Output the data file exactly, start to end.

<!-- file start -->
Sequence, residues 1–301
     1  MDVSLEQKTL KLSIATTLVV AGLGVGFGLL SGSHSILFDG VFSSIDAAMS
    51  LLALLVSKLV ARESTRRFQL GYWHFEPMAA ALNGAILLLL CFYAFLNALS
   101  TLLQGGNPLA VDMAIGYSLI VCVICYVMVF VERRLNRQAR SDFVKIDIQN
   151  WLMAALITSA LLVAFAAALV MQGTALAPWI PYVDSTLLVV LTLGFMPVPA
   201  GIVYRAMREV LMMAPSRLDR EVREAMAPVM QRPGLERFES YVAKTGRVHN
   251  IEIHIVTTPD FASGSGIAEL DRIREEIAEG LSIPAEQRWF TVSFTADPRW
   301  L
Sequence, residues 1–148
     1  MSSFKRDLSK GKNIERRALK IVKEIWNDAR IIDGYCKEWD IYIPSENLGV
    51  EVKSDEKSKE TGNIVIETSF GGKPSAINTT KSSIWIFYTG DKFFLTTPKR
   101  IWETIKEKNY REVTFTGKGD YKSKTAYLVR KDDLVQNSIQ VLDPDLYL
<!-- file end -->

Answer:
Sequence, residues 1–301
     1  MDVSLEQKTL KLSIATTLVV AGLGVGFGLL SGSHSILFDG VFSSIDAAMS
    51  LLALLVSKLV ARESTRRFQL GYWHFEPMAA ALNGAILLLL CFYAFLNALS
   101  TLLQGGNPLA VDMAIGYSLI VCVICYVMVF VERRLNRQAR SDFVKIDIQN
   151  WLMAALITSA LLVAFAAALV MQGTALAPWI PYVDSTLLVV LTLGFMPVPA
   201  GIVYRAMREV LMMAPSRLDR EVREAMAPVM QRPGLERFES YVAKTGRVHN
   251  IEIHIVTTPD FASGSGIAEL DRIREEIAEG LSIPAEQRWF TVSFTADPRW
   301  L
Sequence, residues 1–148
     1  MSSFKRDLSK GKNIERRALK IVKEIWNDAR IIDGYCKEWD IYIPSENLGV
    51  EVKSDEKSKE TGNIVIETSF GGKPSAINTT KSSIWIFYTG DKFFLTTPKR
   101  IWETIKEKNY REVTFTGKGD YKSKTAYLVR KDDLVQNSIQ VLDPDLYL